Film Festival Today

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Film Review: “Another Earth”

Written by: FFT Webmaster | July 22nd, 2011

***1/2 OUT OF 4

Director Mike Cahill’s Sundance 11 dramatic competition film is an accomplished low- budget sci-fi film with an intriguing premise of the discovery of a new planet in our very own solar system. This new planet, identical to Earth, seems to be getting closer and closer with complications that are beyond those of regular daily life. Ignoring the laws of gravity, this micro-budgeted, small- scale film (picked up by Fox Searchlight) has many intriguing and mesmerizing facets that make it a winner in a summer full of comic book and raunchy comedy movies.

The concept of a an alternate universe has been played-out numerous times in other movies but here the story focuses on Earth 1 and  a serious, heart-felt human drama.     The same night of  the discovery of Earth 2, hard-partying MIT student Rhoda (Brit Marling) gets behind the wheel of an SUV and crashes head-on into another vehicle driven by a composer named John Burroughs(William Mapother of “In the Bedroom”) .  John loses his wife and children in the crash and this sets up a whole series of events with consequences that make a compelling and engaging narrative. Rhoda serves four years in prison for the DUI tragedy and when released finds herself drawn to John by posing as a house cleaner. Meanwhile Rhoda writes the winning essay in a contest to be on the first crew to travel to this other earth.   She hopes this other worldly experience will help her reconcile her troubled past. What makes this all work, and not become formulaic, is the spell-binding urgency of the acting with Ms. Marling emerging as an actress of significance.(the Georgetown alum co-wrote the script with Cahill)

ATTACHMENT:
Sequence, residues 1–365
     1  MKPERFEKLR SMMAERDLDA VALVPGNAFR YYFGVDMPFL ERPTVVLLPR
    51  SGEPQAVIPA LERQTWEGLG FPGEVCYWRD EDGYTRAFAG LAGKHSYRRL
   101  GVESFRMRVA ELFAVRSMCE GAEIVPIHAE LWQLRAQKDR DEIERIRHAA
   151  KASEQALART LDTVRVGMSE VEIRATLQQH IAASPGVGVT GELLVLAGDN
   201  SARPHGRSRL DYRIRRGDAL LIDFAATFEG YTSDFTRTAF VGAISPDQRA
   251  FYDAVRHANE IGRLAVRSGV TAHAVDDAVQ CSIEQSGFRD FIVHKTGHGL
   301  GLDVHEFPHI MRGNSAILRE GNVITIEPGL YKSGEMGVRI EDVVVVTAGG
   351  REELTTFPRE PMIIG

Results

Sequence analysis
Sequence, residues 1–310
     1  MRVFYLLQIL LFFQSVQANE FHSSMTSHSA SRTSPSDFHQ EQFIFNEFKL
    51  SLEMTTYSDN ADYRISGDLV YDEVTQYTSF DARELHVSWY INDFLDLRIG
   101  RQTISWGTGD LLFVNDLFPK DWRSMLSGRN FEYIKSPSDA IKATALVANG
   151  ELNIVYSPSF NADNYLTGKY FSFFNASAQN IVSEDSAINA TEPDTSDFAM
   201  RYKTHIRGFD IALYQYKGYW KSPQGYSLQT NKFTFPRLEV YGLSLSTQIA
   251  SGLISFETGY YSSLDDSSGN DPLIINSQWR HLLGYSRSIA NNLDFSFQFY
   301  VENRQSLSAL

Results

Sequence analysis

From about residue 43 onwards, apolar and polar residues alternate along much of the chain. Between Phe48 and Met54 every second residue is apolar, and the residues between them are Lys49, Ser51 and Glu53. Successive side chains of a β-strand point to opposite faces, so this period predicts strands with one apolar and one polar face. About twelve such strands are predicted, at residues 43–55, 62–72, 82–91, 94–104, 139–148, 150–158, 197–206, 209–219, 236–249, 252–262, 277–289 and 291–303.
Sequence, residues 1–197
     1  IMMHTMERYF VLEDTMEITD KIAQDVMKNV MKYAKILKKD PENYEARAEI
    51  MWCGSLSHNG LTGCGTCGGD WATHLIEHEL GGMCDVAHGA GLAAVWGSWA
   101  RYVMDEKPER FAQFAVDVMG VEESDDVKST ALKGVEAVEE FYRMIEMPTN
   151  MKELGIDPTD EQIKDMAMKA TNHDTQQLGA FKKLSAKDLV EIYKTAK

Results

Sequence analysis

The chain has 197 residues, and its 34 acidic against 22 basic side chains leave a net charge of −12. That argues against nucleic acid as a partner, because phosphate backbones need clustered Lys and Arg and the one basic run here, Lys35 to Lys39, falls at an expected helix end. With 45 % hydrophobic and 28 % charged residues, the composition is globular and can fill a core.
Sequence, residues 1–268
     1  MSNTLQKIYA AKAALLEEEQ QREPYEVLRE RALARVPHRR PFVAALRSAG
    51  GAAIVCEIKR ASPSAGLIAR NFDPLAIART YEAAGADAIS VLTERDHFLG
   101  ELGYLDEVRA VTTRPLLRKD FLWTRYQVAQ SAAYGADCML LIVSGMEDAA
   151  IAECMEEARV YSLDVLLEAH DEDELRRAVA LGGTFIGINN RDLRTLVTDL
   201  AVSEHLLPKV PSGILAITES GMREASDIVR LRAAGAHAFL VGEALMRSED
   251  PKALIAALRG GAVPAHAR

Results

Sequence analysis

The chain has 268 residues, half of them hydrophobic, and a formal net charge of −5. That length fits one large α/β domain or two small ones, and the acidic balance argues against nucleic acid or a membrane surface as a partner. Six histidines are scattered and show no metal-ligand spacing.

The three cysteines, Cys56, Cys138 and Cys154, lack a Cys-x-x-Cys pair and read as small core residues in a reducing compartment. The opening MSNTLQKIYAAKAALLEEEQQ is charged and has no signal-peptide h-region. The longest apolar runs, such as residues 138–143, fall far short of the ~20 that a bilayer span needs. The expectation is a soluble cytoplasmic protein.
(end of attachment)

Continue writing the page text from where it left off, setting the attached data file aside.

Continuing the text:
This fictional film,  that depends on scientific reasoning,  won the prestigious Alfred P. Sloan Award at Sundance 11. It does what makes sci-fi work best by opening up the human heart and using the metaphor of the “other earth” as a stand-in for an “afterlife” of sorts.

This is a smart movie which will keep you thinking long after the lights come up.


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